According to that narrative, Ravens general manager Ozzie Newsome swooped in for the steal on a division rival.
Steelers general manager Kevin Colbert directly refuted that version of events in his post-draft press conference.
"In difference to what was reported, Senquez was targeted to be picked in the second round," Colbert said, via Steelers Depot. "Without a doubt, we were going to come out of that round with a corner, and it was never a discussion. In fact, we tried to trade up to secure Senquez Golson, just to set the record straight."
Although a Heath Miller successor was widely viewed as a team need, it wasn't as much of a priority as upgrading at cornerback and outside linebacker.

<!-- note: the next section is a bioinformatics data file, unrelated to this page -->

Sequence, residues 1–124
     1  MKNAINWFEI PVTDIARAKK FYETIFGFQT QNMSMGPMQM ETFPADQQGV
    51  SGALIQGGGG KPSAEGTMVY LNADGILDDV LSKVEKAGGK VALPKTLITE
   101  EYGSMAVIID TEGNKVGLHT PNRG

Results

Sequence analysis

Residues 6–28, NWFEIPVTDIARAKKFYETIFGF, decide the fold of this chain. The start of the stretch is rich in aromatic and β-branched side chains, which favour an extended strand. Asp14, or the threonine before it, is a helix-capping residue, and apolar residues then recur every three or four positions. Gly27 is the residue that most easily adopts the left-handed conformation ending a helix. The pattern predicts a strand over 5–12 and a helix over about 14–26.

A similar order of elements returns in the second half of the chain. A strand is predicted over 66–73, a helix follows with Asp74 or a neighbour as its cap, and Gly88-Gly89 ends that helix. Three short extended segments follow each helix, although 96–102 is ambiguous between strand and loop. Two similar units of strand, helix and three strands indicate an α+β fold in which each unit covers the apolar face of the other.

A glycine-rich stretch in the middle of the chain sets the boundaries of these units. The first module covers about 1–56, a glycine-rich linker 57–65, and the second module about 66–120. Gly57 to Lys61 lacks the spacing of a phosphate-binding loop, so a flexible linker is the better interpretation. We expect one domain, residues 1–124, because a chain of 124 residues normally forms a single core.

Newsome downplayed the notion that he pulled one over on Colbert, adding that he has "no idea what Pittsburgh is doing" during the draft.
"We get to a point where we feel it's time to go get a player, we wait through three or four picks, and then I get a little antsy," Newsome explained, via the Ravens' official website. "When you've got ammunition, you just go and get the player. It wouldn't have mattered who was picking at that spot for us to move up and get the guy."
As it turns out, Colbert might have been the one besting Newsome in the draft's first two rounds.
Dupree was one of the players Baltimore was considering with the 26th pick.